The stock market is rife with trends, terminology and technical jargon that is sure to spin the head of a new or novice investor. Indeed, even savvy, experienced investors sometimes find themselves confronted by speculation, and changes brought about by the market environment.
Taking a closer look at market conditions can help novice and experienced investors alike to make the most out of their investment capital. Whether you are working with a brokerage account as part of your 401(K) or you are an active day trader or investment manager, there are opportunities waiting for those who know where to look at just the right time.
What Defines A Bull Market?
Typically, a bull market is characterized by general optimism in economic conditions, which also boosts investor confidence as well as the expectation that stock, bond, and asset prices will consistently tend to go up. In certain bull market conditions stocks prices are generally expected to rise even if they have recently suffered from one or more severe declines.
When it comes to the ever-popular precious metals market, the situation can be quite different. In general bear markets conditions with the ability to last for a prolonged period of time can affect investor confidence creating the speculation that serious slumps will be followed by a short or even long-term period of steady recovery.
When it comes to precious metals, the secular gold bull market essentially started in 1999, and there are some experts who say that it ended at some point 2011. Yet this doesn’t seem to be the case in as the fundamental drivers of the gold bull market essentially remain in place. At the same time, it’s worth noting that the key Fibonacci retracement of 61.8% did not break.
What Defines A Bear Market?
Generally, a bear market is thought of as a prolonged period of time where investors see a consistent decline in prices. It can also extend to a single security as well as a particular type of asset, or a group of securities. In some cases, a bear market can even affect the securities market as a whole.
Determining when the decline starts and when it the appropriate time to react to it is debated by many and can vary depending on if you are currently invested in a short-term or a long-term strategy. One example is the great gold bear market which started in 1980 after the major long-term top.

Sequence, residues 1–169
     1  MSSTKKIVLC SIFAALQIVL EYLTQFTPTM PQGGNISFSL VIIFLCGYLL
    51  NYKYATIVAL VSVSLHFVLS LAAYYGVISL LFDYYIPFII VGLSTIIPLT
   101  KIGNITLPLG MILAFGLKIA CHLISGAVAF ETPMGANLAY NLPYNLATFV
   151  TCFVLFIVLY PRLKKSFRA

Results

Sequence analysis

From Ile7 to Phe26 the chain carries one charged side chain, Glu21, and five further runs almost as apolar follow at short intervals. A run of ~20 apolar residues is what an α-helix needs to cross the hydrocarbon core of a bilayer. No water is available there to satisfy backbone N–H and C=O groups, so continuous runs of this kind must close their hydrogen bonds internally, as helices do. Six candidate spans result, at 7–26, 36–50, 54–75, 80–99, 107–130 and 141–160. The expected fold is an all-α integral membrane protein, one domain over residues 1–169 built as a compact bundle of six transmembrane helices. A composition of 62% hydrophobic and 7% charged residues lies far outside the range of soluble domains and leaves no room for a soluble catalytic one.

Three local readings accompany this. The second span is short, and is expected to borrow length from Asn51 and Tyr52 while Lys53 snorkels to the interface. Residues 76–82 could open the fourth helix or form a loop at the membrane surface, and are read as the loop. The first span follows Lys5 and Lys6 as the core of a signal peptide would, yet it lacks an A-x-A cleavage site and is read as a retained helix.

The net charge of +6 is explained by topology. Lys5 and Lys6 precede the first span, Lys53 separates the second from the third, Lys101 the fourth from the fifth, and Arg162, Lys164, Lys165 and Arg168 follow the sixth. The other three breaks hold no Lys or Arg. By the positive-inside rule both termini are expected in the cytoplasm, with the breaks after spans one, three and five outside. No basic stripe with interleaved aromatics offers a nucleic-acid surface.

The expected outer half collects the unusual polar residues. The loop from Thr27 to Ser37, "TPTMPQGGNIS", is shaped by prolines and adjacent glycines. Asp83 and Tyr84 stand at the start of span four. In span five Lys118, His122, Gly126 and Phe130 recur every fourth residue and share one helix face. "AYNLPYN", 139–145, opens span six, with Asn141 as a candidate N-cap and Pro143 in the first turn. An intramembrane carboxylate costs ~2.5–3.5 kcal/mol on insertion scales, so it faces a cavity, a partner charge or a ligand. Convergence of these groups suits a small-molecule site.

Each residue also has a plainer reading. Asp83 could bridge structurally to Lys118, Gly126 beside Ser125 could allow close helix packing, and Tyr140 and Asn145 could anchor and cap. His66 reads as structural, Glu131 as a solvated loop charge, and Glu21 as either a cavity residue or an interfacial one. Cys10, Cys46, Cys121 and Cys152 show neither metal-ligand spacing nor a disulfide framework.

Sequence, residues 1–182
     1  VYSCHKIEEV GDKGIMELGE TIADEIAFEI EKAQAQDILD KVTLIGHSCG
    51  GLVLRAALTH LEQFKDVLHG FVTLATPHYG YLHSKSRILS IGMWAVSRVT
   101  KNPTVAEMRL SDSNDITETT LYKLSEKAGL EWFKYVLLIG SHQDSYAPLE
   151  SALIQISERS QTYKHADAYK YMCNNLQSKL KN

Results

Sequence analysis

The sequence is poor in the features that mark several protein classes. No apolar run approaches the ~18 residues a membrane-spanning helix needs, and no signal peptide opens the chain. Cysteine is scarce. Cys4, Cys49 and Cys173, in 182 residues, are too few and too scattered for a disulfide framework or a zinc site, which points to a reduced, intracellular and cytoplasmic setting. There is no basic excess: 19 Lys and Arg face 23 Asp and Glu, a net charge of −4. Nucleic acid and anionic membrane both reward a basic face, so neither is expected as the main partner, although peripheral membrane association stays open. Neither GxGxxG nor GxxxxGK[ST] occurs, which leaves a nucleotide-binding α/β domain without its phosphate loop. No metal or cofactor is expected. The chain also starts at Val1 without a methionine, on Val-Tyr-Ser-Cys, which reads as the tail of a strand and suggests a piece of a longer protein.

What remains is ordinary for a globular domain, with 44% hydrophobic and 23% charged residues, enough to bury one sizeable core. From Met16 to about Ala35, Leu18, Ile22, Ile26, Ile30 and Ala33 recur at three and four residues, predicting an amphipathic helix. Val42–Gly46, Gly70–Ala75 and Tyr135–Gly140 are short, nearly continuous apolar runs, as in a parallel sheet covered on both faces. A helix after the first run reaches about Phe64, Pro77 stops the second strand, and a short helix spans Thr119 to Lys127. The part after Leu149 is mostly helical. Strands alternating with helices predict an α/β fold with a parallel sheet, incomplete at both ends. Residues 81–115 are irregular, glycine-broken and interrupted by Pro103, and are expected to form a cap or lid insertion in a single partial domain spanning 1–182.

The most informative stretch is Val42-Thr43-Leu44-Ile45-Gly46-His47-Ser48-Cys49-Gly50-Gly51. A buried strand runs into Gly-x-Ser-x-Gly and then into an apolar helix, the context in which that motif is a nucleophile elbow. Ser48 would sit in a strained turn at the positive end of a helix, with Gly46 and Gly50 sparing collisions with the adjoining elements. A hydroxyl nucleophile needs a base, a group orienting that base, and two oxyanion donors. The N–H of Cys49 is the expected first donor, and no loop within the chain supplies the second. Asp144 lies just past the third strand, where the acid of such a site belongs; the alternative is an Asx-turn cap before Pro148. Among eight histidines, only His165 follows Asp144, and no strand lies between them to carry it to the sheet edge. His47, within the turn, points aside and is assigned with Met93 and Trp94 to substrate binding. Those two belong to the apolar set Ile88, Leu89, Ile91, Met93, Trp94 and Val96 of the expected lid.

Defining A Buoyant Market
When it comes to the commodity space, a buoyant market can also be a factor in your short-term and possibly even your long-term investment strategy. It is typically thought of as market conditions that see prices increase gradually and they are reinforced by sufficient signals of strength.
Understanding The Difference Between A Gold Bull Market Compared To A Bull Market in Stocks
Most of the time, it doesn’t take more than a casual glance to see the Dow Jones Industrial Average following an upward trend. Yet this same thing can’t be said of gold. Take for example that gold generally declined during a period of time spanning from 1987 to 2001. This essentially means that investors saw an almost 14-year-long gold bear market. When you also factor in the severe declines gold saw in 1981 it wouldn’t be illogical to say that gold needed nearly 25 years to fully recover.
These trends can have serious implications for investors at all levels. In the past, the stock market seemed to be more-friendly to long-term investors throughout the 1980s as well as the 1990s. Yet the same cannot be said about the conditions of the precious metals market. When taken in a certain light, it can give you the impression that gold will rebound after a serious slump and that there are certain conditions where an investor can suffer a significant long-term loss.
Understanding The Price Of Gold In The Stock Market
Trends and speculation take an interesting turn when we look at how the end of the gold bear market in 2001 also coincided with a gradual weakening in the stock market. There are a few factors that contributed to this including the “2001 dot-com bubble” which caused a stock market collapse after the bubble burst. At that time, investors were looking for secure investments to hedge against losses and insulate their wealth. For many, this included making significant new investments in precious metals and tangible assets like gold and silver. This essentially fueled an increase in the price of gold as the stock market continued to decline. A very similar phenomenon also occurred in 2008 were gold proved to be bullish despite the rumblings of the international financial crisis.
Precious metal investors need to take heed of these historical trends and the existing factors, as they could predict a bull market for gold. In a scenario like this savvy investors will open long positions in precious metals in hopes of profiting as the metals continue to move higher.
Looking On A Gold Bull Market From A Different Perspective
When we take a closer look at bull market conditions, it’s worth noting that they can be perceived differently by some investors who are particularly focused on speculation and applying factors from a short-term strategy. A long-term bull market doesn’t necessarily result in a bear market in the short term. At the same time, a short-term bull market doesn’t necessarily indicate a long-term bear market. With some assets, it is possible for bull and bear markets to exist simultaneously over different periods of time.
Investors in precious metals need to remember that its fundamentals determine the dominant trend. This is true whether it is a long-term, secular bull market as well as a long-term bear market. Indeed, it is possible for a secular bull market to transform into a secular bear market if the fundamental situation on a particular market changes. When this happens, it can lead to an even more powerful technical pattern which does not have the ability to reverse a long-term trend.